Tuesday, November 18, 2008


I tend to overgeneralize in my arguments. For me, rhetoric takes precedence over technicalities, even if I overlook detail. After all, rhetoric should cut to the heart of a question rather than bog down in mundane specifics. That is not to say I ignore specifics. I simply believe that good rhetoric should address the philosophical core of a question, while detailed analysis should follow in different expressive media.

Our American health care debate arouses my passions. I know full well that my beliefs really don't make sound economic sense. But they come from my conscience. I use a simple line of reasoning to boil down government's relationship to health care: Government is composed of "units," namely human beings. Human beings are mortal creatures who get sick, just as machine parts wear down and fail. Government also depends on healthy people to achieve its functions, whether military, economic, administrative or financial. For that reason, government has an interest in keeping the population relatively healthy. After all, the machine can't function without functioning units, and no one benefits when sick people don't work, or worse, when they die. Dead people pay no taxes. Dead people do not serve in the army. Dead people do not engage in commerce.

Government would be wise to subsidize the health of its citizens so as to preserve the very human units that compose it. Yes, we have a "free market system." But I think government-sponsored health care can coexist with private alternatives. After all, private individuals can always opt for more expensive health coverage if they want more than the government can offer. Still, working people who happen to have a misfortune should not endure a lifetime financial nightmare to compound their physical agony; they should receive free care from the government if they cannot afford otherwise.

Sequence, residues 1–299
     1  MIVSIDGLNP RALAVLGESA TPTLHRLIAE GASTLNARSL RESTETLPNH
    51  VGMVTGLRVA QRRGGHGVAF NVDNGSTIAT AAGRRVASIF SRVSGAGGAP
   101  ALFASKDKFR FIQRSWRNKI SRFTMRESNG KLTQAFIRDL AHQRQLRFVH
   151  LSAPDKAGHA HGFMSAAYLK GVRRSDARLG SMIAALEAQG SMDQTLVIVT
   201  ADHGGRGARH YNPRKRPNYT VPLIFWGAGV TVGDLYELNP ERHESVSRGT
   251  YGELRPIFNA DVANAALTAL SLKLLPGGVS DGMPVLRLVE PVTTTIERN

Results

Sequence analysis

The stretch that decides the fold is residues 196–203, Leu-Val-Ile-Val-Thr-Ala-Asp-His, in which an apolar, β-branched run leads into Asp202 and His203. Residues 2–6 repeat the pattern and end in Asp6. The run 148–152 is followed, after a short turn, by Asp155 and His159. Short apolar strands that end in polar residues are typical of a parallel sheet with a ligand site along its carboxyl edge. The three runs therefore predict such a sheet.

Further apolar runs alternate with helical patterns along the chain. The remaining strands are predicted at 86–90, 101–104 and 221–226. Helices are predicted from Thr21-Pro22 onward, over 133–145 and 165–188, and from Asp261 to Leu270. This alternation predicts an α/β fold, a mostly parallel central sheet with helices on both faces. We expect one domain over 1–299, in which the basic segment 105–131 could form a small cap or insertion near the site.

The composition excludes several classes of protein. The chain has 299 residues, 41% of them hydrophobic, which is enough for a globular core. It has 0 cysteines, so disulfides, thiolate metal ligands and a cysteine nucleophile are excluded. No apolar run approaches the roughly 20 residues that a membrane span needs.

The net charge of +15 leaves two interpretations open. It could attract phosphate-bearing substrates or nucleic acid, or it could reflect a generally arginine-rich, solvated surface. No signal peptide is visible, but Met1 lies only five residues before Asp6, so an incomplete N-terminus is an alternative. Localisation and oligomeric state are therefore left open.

Last year the doctor told me I had skin cancer on my right temple. At the time, I was working as a consultant with very basic health coverage. The hospital performed a relatively routine operation to remove the bad tissue. Thankfully, the operation was a success. Afterward, my health plan refused to cover the procedure and I got stuck with a $21,000 bill for an operation that lasted 45 minutes under local anaesthesia. For months I haggled with insensitive hospital "billing staff" who kept repeating: "So how would you like to pay for this? So how would you like to pay for this?" I told them I didn't have remotely close to that amount saved. They responded: "So how would you like to pay for this?" Eventually I sent enough letters and raised enough of a stink to convince the right hospital bureaucrats that I could not pay the bill, and they wrote it off.

I went through a bureaucratic crucible for a simple operation. Just imagine what other people go through for more serious procedures. It is not an answer to say "buy better health coverage." Even employed people don't get the same coverage they used to, and unemployed people can't afford $450 a month for decent coverage. My mother is a cancer survivor and widow who pays $700 a month for extremely basic coverage. Thankfully she has a little money saved from my Dad's life insurance policy, but if she had a serious illness, she'd be out on the street. As my old evidence professor used to say: "Many Americans are just one illness away from bankruptcy."

This is a shameful state of affairs, and no talk about economic incentives or doctor profitability will shake my beliefs on it. Doctors should not be in the medical profession because they want Mercedes-Benz cars and luxury condos. They should be in the profession because they want to ease others' pain and cure diseases. Government has an interest in those goals, too, and if private people can't cough up the cash to get it done, then the Government should. We scold Russia for its autocratic ways, but the Russian Constitution makes health care an individual right. Even Nazi Germany provided health care to its citizens. We manage to pay incredible amounts every month to sustain a pointless war in Iraq. Why can't government increase funding for health care? I think more Americans would prefer to know that they will not go bankrupt from illness than to blindly fight insurgents in a war that has nothing to do with the United States. If taxes must increase, let them. At least we will get something for our money, rather than the bodies of slain soldiers.

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